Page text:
Doggy daycare provides an excellent atmosphere for socialization, exercise, and lots of play. But you may want to consider a more gradual approach for puppies three months and older. Young puppies should be introduced to other dogs at a steady pace in a tightly-controlled environment. However, if you already know that your dog loves socializing, doggy daycare will be their favorite place in the whole world!
How to Get Puppies Ready for Doggy Daycare
Our play areas are very safe and monitored by vigilant daycare attendants at all times, but an under-socialized puppy could become overwhelmed in a group of up to 15 dogs who are used to playing in large groups. An overwhelming experience at a very young age could potentially have an effect on their social development and cause them to be shy around other dogs. So, there are a few things you should do before signing your puppy up for doggy daycare at our dog boarding facility near Princeton and Hamilton, NJ.
First and foremost, make sure they see a vet for their first rounds of vaccines, and get them screened for any potential health issues. Once you’ve done that, try socializing your pup on a small scale with other puppies, and perhaps some friendly adult dogs. This can be done at home, a friend’s house, or anywhere else where you can keep a close eye on your fur baby while they learn the unwritten rules of the dog world. The early stages of socialization are all about your puppy learning how to play with other dogs, who will “correct” any unacceptable behavior. The best place for that is a controlled environment like a socialization class! Check out the infographic below for more information:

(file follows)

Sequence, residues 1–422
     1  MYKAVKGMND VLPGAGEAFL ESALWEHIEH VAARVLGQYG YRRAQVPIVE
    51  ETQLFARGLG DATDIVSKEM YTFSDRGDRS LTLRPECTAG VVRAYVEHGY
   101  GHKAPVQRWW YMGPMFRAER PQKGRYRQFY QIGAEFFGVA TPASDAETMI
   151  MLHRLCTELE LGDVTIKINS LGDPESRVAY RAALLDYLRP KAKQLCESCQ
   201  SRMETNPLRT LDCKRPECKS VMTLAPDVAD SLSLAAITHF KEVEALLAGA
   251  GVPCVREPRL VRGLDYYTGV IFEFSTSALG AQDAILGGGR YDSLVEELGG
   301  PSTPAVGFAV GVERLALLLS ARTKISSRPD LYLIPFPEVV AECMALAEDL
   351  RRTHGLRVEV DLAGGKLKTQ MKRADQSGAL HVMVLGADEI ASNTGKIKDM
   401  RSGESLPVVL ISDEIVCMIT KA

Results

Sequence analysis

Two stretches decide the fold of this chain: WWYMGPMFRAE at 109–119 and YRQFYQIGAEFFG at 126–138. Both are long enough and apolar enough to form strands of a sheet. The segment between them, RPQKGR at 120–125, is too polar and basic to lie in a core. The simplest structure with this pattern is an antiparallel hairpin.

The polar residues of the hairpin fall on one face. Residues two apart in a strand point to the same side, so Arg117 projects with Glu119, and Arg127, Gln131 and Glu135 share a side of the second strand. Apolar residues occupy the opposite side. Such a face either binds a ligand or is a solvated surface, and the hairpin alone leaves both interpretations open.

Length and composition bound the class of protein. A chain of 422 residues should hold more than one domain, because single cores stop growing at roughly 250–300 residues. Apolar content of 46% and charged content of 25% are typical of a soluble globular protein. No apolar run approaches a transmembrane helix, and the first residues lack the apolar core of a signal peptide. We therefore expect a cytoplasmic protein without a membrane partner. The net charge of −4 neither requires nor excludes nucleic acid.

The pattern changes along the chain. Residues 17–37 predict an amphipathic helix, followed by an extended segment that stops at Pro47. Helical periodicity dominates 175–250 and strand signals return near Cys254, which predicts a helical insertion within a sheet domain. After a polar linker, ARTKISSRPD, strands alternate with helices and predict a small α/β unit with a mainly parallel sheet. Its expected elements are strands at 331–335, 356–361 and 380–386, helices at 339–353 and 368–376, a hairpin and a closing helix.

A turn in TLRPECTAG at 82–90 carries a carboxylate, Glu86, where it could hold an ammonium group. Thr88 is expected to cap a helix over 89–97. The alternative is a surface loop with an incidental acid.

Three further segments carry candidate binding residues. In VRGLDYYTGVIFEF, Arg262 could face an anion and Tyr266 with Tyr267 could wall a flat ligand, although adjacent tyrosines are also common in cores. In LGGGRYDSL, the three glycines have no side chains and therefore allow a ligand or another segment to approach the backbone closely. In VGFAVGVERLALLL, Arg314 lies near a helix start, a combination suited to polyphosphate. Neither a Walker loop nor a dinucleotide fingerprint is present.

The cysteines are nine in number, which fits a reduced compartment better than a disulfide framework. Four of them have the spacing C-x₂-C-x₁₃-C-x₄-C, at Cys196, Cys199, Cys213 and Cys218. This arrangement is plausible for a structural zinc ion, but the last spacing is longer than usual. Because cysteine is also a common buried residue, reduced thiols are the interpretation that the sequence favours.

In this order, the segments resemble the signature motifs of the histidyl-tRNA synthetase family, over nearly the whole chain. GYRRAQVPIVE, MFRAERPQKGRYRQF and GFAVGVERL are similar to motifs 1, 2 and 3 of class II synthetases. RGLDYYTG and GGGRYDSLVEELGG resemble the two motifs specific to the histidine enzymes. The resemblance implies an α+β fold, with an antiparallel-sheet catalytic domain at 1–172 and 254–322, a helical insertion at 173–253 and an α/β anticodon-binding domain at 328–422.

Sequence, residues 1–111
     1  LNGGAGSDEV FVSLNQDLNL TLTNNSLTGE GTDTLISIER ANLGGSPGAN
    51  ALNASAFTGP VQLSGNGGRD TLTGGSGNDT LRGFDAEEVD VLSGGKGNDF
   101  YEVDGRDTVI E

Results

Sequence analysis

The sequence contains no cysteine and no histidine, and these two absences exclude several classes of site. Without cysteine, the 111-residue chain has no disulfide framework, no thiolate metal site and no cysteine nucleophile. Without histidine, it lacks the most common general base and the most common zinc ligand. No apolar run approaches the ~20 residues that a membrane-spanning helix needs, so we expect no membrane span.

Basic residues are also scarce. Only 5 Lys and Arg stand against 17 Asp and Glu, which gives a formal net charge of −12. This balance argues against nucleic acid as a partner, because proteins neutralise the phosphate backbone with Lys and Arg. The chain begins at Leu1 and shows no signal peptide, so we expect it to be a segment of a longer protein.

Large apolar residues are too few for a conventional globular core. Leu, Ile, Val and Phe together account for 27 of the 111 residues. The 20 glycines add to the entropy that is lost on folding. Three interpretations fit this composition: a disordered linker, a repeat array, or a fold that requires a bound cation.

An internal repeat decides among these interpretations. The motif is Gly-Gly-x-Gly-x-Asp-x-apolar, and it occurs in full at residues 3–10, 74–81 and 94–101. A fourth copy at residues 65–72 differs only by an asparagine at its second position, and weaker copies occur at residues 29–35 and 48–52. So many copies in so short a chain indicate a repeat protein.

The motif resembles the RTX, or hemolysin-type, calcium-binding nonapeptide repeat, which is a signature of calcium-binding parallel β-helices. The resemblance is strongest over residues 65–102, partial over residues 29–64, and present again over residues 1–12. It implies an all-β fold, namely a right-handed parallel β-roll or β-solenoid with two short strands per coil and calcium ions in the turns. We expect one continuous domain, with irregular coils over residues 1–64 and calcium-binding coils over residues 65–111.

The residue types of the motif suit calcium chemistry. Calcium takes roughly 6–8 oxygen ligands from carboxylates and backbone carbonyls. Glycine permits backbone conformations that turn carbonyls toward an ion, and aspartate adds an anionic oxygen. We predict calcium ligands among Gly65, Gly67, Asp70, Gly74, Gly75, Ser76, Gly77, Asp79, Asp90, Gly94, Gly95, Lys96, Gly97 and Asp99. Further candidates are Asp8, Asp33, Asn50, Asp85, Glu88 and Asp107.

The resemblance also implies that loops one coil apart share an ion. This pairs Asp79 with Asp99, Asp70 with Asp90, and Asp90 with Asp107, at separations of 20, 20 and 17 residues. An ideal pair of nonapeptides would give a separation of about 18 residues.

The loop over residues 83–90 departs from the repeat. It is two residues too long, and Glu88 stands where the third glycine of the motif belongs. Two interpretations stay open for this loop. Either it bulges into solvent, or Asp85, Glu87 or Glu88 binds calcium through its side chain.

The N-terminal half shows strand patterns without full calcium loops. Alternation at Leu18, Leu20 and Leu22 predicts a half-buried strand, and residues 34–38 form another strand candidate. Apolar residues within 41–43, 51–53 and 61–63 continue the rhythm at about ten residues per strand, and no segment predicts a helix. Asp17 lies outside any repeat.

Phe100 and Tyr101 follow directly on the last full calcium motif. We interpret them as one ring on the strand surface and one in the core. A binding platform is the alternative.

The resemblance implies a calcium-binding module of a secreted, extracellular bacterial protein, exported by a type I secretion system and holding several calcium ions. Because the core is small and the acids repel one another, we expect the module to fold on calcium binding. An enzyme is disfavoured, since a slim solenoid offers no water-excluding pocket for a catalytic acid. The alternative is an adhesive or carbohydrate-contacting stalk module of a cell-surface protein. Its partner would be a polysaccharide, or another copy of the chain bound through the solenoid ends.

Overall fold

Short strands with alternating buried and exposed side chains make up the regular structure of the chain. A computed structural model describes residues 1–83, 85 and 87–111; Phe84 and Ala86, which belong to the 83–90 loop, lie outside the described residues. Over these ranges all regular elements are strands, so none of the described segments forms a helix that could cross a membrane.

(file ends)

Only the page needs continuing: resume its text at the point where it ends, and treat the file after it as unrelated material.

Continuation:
How to Socialize Adult Dogs
Dogs who aren’t adequately socialized during the early stages of life need more guidance socializing as adults. Some dogs who did not experience socialization after twelve weeks may need more time accepting things that are new or unfamiliar to them. If you need some assistance, you may want to look into our dog socialization classes, a five-day socialization program facilitated by our CPDT-KA certified dog trainer.
A helpful tip would be to try walking your dog in public areas where you are likely to encounter other dogs on walks. Walking helps your dog burn off pent-up energy, making them more likely to engage in a social situation. But if your adult dog has never interacted with another dog before, and you are unsure of how they will react, or if they have a history of unacceptable behaviors towards other dogs, you should seek help from a professional trainer for socialization.
To learn more about our dog daycare program near Princeton, NJ, or socialization classes, call us today!